Apply now! Scholarships for NNU’s Women's Global Health Leadership classes.

As part of the Certificate Program in Women’s Global Health Leadership, we are pleased to announce the following Spring 2016 courses co-sponsored by National Nurses United and Rutgers, The State University of New Jersey:

  • Impacts of Economic Inequality on Women’s Health;
  • The Growth Imperative, Global Ecology, and Women’s Health; and
  • Health Consequences of the Global Trade in Pharmaceuticals.

The courses will be offered online during the Spring Semester of 2016.  Classes begin January 19, 2016.

Full-tuition scholarships are available for NNU members interested in building global solidarity with those who share RN values of caring, compassion, and community.  To apply for a full-tuition scholarship for a course, please submit a short essay (250 to 500 words) describing how the topic of the course will inform your RN patient advocacy.  NNU members may apply for a scholarship for more than one course.  A separate essay is required for each course for which an RN seeks a scholarship.

All interested scholarship applicants should submit their essay via email to with the subject line “Scholarship” no later than December 4, 2015.  Applicants also need to complete and submit this scholarship cover sheet with their essay. 

If you have any questions, please contact the Certificate Program Administrative Coordinator, Randi Pace, at (510) 433–2793 or

This certificate program is of vital importance for nurses as it is the only academic program in the country that honestly assesses the rapidly changing socioeconomic landscape of healthcare in the United States and globally from the standpoint of bedside RNs.  Classes prepare nurses to identify and confront social, economic, political, and environmental forces that place their jobs, livelihoods, communities, and planet in jeopardy. 

Click here to read more about the certificate program.

Class Descriptions:

The Growth Imperative, Global Ecology, and Women’s Health

In the last quarter century, the premise of the possibility of endless growth for the purpose of unlimited capital accumulation has met the inevitable challenges of resource exhaustion on a global scale and its human consequences. Markets and technological innovation are inadequate to solve the resulting environmental crises. Health consequences include illness caused by toxic industrial byproducts, injury from resource extraction processes such as nuclear fission and deep–water oil drilling, manifold health hazards of violent conflict over control of scarce resources in postcolonial states, and dangers that attend climate change. This course will address externalized business costs paid in the currency of human health.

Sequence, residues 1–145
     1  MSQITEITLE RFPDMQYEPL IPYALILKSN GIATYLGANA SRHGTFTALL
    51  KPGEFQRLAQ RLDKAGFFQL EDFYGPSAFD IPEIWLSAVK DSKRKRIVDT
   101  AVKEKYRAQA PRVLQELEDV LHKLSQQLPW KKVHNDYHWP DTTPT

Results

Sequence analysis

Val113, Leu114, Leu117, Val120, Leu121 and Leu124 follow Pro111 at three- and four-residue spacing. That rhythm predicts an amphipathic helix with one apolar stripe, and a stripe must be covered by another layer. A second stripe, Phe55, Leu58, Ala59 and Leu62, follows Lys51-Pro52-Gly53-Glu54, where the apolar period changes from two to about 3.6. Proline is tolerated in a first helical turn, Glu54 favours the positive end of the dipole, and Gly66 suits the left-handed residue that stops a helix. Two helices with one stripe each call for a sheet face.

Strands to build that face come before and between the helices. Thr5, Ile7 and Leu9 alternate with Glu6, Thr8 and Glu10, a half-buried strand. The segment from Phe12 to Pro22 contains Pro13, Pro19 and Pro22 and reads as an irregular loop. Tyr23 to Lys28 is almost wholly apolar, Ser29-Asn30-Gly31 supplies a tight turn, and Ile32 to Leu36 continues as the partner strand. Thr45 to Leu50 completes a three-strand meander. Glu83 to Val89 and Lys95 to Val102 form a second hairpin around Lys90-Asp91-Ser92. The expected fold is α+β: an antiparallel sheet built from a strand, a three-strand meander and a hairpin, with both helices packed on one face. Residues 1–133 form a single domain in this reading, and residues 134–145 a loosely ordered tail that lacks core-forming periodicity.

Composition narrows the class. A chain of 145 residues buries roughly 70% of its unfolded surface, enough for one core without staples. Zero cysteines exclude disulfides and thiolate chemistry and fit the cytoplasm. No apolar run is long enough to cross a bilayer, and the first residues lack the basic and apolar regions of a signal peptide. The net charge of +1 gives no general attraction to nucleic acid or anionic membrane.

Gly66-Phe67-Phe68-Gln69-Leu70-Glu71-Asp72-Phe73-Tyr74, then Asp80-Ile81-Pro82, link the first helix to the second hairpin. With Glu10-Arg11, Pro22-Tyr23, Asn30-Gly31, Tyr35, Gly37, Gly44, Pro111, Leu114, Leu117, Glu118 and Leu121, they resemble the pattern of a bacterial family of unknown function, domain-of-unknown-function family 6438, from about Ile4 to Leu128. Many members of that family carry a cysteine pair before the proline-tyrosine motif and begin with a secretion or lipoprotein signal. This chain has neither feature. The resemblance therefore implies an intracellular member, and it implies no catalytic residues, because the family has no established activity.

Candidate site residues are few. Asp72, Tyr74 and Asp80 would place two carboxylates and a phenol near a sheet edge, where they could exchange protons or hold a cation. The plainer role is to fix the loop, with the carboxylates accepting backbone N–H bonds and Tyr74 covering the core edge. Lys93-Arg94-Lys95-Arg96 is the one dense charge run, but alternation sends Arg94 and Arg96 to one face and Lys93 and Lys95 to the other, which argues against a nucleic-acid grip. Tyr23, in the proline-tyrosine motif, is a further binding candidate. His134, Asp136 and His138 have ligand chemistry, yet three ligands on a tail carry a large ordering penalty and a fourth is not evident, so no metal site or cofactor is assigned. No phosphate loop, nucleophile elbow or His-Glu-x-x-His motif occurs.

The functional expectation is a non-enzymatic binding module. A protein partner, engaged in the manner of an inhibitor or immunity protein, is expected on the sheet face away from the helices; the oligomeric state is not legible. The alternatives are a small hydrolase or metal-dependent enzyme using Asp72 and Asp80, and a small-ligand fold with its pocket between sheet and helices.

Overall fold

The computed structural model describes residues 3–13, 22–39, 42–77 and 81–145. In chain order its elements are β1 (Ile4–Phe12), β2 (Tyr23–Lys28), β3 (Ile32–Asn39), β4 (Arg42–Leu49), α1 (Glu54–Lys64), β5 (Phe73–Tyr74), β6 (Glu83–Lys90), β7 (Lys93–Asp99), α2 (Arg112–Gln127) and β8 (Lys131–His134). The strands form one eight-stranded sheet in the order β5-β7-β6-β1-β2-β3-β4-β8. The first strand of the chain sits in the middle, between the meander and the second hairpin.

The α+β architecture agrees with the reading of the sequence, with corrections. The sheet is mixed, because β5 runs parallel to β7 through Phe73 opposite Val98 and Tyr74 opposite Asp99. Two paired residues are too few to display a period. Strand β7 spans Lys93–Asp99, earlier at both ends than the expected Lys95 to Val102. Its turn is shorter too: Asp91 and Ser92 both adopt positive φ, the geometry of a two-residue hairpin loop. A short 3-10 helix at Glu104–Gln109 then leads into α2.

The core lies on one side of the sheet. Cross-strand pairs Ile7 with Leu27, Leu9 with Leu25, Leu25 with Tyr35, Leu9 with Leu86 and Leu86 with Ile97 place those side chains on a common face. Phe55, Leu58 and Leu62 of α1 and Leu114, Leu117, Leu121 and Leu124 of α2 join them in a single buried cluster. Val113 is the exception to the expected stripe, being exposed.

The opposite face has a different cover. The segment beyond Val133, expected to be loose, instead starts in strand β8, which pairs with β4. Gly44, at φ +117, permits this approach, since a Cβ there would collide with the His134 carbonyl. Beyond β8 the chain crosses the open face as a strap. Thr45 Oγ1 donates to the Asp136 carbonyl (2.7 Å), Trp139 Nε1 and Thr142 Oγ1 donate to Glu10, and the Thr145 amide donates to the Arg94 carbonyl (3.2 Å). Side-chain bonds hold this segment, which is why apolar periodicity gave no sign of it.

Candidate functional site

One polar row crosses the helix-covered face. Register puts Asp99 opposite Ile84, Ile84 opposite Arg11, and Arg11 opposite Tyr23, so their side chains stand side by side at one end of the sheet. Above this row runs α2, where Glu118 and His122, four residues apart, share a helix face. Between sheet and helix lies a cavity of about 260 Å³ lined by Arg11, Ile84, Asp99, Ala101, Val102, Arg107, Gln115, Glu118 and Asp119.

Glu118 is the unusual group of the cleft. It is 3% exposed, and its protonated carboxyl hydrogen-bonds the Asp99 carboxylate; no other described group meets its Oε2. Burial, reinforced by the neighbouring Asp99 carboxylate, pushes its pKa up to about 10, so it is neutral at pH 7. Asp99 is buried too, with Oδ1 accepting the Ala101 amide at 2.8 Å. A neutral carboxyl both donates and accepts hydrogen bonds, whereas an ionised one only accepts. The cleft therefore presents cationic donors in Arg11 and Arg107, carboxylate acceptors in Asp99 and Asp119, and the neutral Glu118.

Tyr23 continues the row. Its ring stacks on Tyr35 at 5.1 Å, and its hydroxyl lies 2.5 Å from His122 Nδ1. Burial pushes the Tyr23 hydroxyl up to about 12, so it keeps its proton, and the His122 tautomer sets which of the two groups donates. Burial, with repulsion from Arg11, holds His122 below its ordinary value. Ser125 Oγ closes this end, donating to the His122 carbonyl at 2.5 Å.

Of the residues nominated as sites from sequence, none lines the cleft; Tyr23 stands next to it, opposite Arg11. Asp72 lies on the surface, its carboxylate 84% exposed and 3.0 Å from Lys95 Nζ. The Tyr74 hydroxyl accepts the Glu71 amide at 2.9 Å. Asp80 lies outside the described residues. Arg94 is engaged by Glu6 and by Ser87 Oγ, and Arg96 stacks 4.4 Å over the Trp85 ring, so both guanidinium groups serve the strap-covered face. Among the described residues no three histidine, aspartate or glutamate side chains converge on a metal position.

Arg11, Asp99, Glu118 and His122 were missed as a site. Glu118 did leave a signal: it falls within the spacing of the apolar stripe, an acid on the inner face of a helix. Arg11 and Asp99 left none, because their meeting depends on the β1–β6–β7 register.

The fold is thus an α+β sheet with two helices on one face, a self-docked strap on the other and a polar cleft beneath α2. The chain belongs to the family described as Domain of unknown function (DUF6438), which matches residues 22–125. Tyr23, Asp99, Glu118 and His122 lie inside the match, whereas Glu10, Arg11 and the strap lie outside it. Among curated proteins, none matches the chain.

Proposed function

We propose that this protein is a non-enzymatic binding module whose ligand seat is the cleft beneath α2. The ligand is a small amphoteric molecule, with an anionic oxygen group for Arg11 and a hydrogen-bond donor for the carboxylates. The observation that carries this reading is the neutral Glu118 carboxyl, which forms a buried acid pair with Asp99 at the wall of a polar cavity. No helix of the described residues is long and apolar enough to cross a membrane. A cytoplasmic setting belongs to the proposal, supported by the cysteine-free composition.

Health Consequences of the Global Trade in Pharmaceuticals

This course explores the political economy of the global pharmaceutical industry. Students will examine ethical issues such as: disproportionate investment in drugs for minor health problems while serious diseases affecting the poor and other marginalized groups remain insufficiently studied; inadequate vaccine development and manufacture; restrictions on the distribution of life-saving generic drugs in third world countries; overuse of antibiotics and the emergence of antibiotic resistant bacteria; and the role of the pharmaceutical lobby influencing healthcare.

Impacts of Economic Inequality on Women’s Health

Domestic and global economic inequality place significant numbers of people at high risk for health crises even as they are denied access to care. This course investigates the “pathogenic” aspects of economic inequality. It examines how systems of unequal resource distribution contribute to wide disparities of health risk, access to healthcare, and clinical outcomes. In addition, the affects of global trade and transnational migration on health costs, healthcare delivery systems, and the availability of healthcare professionals are explored. By tracing links between macro-economic policies and access to healthcare, the course analyzes pathologies suffered in the context of structural violence.”

In Solidarity,

National Nurses United